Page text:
Presentation on theme: "Period Performance and Early Instruments 1. Connects with all the issues raised by `Performance as discipline’ lecture. History of Early Music Revival."— Presentation transcript:
Period Performance and Early Instruments 1. Connects with all the issues raised by `Performance as discipline’ lecture. History of Early Music Revival. Early Instrument Industry. Instruments or Voices in Medieval Music.
Early Music Revival Music Revival goes back to Mendelssohn’s 1829 revival of Bach’s St Matthew Passion and of his revivals of oratorios by Handel and Hadyn. The Idea that before the 19 th Century People were only interested in music that was contemporary is not really true. The Academy of Ancient Music – related to the Academy of the 18 th London that aimed to maintain Corelli and Handel. Handel’s Messiah has been performed ever since it was written. Eighteenth Century Musicologists like Hawkins knew a lot about Renaissance Music and Medieval Music and were able to enlighten others. Bach and Handel Societies in both England and Germany flourished in many provincial towns and cities – and fuelled the choral traditions in those countries.
Brussels Instrument Museum The Development of Instrument Museums – and the playing of old instruments (Brussels and the Fetis’s Historical Concerts in the 1880s and 90s). Brussels concerts on original instruments heard by Arnold Dolmetsch ( )– family tradition of instrument tuning, mending and playing – especially of Bach’s 48.
Dolmetsch’s Legacy The apostle of retrogression – instrument maker, performer, polemicist, scholar and teacher. Played all the instruments and believed in going back to primary sources. Early Music and the Arts and Crafts Movement. The personal connection with William Morris and his emphasis on craftsmanship, do-it-yourself and the `grow your own’ earthiness traditions. Haslemere, The Dolmetsch Family, the festival, recordings and BBC connections. Recorder movement in schools.
Elizabethan Fever in the Edwardian Era Edmund Fellowes and madrigals/lute songs (co-inciding with revival of English composition – Elgar and VW). Revival of Tudor Church Music – of the Oxford Movement and Surpliced choirs in all parish churches). Co-incided with period when Britain was convinced of its superiority and empire at its height.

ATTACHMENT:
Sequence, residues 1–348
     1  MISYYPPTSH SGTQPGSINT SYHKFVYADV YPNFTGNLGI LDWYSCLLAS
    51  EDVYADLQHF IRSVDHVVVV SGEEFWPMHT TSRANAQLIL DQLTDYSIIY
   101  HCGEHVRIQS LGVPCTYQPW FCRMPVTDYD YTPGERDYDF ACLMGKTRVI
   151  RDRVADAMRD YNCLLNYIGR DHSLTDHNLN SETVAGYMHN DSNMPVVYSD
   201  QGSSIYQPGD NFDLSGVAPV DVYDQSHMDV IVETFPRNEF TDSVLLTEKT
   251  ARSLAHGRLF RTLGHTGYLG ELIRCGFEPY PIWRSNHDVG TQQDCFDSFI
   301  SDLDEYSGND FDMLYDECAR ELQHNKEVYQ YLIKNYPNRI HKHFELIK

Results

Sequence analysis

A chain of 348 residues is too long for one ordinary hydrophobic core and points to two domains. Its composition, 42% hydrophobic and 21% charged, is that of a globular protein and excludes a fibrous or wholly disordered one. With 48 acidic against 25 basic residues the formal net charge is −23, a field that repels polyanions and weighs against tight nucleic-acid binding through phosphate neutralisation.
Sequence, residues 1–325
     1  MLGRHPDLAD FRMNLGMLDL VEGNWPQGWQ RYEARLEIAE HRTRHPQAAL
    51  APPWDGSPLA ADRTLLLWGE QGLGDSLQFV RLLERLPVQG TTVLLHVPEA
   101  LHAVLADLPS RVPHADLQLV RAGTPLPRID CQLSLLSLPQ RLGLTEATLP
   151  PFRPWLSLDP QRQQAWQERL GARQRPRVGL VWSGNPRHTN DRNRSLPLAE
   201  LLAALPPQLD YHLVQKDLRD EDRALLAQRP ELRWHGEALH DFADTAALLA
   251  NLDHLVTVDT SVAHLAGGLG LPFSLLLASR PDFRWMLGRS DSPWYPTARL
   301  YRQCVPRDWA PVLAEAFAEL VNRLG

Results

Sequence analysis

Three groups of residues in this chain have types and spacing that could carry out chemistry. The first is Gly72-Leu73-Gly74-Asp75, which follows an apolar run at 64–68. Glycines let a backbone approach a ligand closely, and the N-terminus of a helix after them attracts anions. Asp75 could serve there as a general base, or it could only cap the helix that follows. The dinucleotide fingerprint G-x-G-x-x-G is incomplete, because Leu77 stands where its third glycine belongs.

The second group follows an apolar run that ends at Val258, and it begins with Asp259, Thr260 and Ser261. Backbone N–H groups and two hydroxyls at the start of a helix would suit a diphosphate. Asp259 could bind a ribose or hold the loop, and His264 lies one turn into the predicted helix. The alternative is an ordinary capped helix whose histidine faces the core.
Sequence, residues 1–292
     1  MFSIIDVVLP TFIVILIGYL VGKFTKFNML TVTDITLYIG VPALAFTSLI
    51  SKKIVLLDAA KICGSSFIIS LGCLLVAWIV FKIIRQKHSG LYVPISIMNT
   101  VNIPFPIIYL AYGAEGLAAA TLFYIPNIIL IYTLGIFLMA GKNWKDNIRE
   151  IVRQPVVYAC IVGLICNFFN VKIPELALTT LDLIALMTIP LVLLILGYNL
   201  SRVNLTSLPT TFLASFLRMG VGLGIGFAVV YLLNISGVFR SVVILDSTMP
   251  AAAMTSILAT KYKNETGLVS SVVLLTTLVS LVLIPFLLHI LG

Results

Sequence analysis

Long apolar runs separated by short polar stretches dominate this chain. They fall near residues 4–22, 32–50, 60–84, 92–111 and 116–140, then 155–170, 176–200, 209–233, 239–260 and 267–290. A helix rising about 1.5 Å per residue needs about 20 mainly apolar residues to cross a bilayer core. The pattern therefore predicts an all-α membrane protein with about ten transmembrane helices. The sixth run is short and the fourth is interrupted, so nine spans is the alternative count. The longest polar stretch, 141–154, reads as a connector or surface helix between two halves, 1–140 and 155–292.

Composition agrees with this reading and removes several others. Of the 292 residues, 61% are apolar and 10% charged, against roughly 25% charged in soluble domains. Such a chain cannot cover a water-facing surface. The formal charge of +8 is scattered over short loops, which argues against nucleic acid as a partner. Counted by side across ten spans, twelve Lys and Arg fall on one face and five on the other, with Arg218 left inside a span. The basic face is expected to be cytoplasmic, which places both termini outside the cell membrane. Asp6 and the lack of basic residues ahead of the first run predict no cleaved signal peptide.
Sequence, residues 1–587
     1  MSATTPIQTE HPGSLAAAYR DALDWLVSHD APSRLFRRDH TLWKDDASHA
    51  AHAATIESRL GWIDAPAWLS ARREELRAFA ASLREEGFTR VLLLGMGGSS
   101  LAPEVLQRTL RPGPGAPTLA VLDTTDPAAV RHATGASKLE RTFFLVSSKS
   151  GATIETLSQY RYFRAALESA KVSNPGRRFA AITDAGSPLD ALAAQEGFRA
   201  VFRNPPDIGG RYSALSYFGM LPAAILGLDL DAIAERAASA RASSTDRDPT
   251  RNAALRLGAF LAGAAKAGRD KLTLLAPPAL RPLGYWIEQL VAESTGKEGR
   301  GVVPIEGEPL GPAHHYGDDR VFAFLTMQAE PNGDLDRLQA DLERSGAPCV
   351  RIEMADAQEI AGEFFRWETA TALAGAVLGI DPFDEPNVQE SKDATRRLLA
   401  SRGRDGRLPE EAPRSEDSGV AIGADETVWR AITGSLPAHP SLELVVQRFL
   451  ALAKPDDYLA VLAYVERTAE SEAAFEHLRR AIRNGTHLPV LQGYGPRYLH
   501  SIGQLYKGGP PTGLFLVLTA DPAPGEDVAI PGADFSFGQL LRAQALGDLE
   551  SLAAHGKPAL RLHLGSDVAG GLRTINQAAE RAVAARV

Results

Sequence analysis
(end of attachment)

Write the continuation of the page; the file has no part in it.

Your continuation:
Interwar Years and the Spread of Ideas Interwar Years – The Schola Cantorum Basiliensis, Schola Cantorum of Paris – Schools starting up dedicated to reviving Early Music – close connection with academics. Schools in Germany in 1920s dedicated to particular instruments, e.g. Lute. Modern composers rediscover Early Music (Stravinsky, Hindemith, Busoni and Others) American Renaissance (Dolmetsch and Landowska in America). Hindemith at Yale. New York Pro Musica. Thurstan Dart and the scholar musician.
1960s and Post War Generation - Flambouyant Performers !960s and gathering pace of Baroque Opera Revival. Baroque dance and stagecragt resurrected. Alfred Deller and the Countertenor renaissance. Early music Subcultures – Noah Greenberg, David Munrow, Gustav Leohardt. Amateur factor. Industry started with followers and groupies Early Music in Japan, Eastern Europe, Scandinavia.
1980s and Beyond Beethoven, Brahms and Beyond – Classical and Romantic Music on Period Instruments. Influence on Concert Programming, Musical Education and Recording Industry. Historical Performance: The Dominant Musical Ideology of Our Time. Affecting the way modern classical performers play e.g. the erosion of acceptance of vibrato But also questioning of the preoccupation with the past.
Post 1980s ideas - Instruments or Voices Idea that the use of instruments in medieval music is always questionable – very little of the notation is intended for instruments and before the 15 th centuries instrumentalists would not have been musically illiterate. English `a capella heresy’ Questioning of the need for authenticity – as it is unobtainable anyway - and banning of the word.
Harry Haskel’s book on the Early Music Revival `Authenticity is of course the nub, the central issue, the very raison d’etre of the early music movement. In a sense, the history of the movement is the history of the search for authenticity – or more accurately, the history of changing concepts of authenticity – in the performance of early music. A distinction must now de drawn between the early music revival, as that umbrella phrase has been rather loosely used so far in this book, and what has come to be called the historical performance movement. Clearly many of the musicians associated with the revival of early music and instruments have had little or no interest in historical modes of performance. Only recently has the attitude expressed in Landowska’s famous remark `you play Bach your was, I’ll play Bach his way’ gained general acceptance among early musicians’. Haskell, p.175